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13 November 2011

Grand filament around the sun's northeastern limb

A filament of magnetism more than 700,000 km long is curling around the sun's northeastern limb. NASA's Solar Dynamics Observatory photographed the vast structure during the early hours of Nov. 12th:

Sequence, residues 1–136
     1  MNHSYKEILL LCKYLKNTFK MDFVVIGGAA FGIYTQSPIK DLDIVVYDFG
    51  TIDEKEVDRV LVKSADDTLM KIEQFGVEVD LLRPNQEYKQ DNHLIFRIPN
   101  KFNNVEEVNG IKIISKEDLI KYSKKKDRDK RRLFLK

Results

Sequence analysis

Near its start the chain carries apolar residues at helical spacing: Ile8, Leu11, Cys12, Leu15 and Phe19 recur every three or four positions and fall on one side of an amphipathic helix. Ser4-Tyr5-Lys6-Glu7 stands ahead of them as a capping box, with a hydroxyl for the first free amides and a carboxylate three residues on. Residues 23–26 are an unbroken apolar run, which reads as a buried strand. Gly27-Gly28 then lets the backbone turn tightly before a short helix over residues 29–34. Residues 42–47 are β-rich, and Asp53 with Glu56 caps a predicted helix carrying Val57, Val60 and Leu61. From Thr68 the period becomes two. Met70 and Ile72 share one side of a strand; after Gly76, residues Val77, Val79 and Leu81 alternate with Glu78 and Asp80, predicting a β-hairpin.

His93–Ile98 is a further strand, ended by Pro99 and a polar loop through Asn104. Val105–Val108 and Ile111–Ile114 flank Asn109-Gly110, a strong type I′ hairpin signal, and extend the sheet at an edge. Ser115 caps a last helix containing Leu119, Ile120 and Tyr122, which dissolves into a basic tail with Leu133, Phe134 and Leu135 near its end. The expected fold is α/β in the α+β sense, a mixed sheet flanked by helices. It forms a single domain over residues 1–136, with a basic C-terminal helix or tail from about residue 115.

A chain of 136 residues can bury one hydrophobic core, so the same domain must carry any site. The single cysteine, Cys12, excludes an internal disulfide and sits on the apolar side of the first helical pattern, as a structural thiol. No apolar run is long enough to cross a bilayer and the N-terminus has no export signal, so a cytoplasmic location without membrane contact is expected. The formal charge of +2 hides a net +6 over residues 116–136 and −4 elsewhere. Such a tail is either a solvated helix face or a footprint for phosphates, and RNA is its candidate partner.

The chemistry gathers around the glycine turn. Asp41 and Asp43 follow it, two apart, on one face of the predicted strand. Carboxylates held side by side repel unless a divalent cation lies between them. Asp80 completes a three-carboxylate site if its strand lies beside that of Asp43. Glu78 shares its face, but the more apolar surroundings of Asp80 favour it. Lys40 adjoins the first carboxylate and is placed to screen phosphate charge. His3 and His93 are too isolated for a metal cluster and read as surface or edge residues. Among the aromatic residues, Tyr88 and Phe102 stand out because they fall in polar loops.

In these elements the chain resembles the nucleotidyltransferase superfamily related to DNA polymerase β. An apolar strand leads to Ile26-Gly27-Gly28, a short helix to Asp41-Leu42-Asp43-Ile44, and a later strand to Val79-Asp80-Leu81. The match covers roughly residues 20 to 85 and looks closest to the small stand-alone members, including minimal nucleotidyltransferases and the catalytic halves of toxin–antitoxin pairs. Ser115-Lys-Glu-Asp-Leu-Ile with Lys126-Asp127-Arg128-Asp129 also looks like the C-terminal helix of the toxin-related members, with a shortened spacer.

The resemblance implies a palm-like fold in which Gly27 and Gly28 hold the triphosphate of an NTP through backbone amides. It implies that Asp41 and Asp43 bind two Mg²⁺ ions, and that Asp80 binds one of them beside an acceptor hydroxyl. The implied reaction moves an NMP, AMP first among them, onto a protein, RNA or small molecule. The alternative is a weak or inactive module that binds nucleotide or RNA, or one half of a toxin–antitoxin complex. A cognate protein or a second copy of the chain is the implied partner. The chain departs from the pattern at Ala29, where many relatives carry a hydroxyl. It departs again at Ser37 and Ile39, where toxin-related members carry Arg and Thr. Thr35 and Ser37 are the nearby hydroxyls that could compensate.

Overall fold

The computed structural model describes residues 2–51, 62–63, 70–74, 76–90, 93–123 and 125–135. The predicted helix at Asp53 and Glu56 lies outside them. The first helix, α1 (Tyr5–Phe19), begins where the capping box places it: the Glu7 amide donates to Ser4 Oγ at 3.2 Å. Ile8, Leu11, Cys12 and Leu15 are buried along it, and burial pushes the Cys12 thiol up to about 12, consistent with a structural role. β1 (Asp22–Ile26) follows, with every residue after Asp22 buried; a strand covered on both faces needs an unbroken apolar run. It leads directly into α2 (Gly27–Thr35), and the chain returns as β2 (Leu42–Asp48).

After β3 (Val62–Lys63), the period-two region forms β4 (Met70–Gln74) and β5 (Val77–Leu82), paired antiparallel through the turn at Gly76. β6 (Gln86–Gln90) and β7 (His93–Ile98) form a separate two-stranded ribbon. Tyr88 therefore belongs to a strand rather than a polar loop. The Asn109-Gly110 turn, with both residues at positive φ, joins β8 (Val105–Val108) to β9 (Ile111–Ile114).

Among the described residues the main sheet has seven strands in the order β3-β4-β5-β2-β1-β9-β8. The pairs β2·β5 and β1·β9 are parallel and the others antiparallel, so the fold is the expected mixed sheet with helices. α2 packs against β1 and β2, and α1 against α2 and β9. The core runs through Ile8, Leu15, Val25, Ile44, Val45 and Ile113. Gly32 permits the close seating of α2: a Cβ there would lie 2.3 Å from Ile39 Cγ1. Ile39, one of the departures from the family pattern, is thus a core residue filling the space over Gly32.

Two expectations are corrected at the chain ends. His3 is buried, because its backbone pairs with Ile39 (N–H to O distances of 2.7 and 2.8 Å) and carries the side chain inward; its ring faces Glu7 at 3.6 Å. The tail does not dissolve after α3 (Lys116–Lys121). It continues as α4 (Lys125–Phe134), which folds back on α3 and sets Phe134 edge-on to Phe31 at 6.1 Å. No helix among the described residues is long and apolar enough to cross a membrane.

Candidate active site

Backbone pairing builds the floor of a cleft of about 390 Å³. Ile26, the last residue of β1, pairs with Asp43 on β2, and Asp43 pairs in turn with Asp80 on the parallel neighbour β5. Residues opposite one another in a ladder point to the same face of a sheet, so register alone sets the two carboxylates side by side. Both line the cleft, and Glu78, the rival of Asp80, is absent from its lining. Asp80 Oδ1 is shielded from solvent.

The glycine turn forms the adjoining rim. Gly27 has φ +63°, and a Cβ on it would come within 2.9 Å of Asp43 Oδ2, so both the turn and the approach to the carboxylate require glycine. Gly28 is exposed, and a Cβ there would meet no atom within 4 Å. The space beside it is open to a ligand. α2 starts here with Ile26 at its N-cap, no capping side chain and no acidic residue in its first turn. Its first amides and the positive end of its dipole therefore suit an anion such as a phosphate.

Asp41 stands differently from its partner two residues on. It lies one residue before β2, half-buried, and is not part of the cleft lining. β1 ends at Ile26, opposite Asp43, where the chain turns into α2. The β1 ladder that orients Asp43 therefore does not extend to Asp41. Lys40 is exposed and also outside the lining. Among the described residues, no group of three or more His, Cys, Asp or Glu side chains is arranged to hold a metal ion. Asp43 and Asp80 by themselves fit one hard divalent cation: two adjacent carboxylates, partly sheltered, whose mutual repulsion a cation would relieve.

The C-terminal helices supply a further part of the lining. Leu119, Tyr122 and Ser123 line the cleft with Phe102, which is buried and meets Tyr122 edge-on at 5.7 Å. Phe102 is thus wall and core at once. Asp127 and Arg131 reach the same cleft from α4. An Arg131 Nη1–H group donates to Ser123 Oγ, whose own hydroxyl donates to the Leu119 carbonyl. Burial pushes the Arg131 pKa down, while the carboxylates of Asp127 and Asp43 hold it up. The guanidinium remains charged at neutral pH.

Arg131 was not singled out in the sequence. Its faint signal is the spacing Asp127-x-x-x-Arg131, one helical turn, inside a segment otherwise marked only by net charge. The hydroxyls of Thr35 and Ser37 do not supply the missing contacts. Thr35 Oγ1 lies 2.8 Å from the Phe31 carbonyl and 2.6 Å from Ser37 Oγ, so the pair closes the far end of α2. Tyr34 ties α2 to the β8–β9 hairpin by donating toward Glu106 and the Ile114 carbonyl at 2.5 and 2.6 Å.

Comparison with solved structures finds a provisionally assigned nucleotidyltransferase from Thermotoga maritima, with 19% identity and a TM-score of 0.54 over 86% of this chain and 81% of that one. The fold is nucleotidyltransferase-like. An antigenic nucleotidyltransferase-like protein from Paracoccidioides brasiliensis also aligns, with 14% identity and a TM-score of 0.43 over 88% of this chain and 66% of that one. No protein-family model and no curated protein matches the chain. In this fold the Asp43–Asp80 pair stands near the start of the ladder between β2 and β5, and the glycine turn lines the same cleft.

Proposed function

The filament is weighted down by solar plasma. If it erupts--as such filaments are prone to do--it could fall to the stellar surface below, setting off an explosion called a Hyder flare. Or it might fly upward, hurling fragments of itself into space. Amateur astronomers with solar telescopes are encouraged to monitor the region for developments. The only challenge will be fitting the whole thing into a single field of view.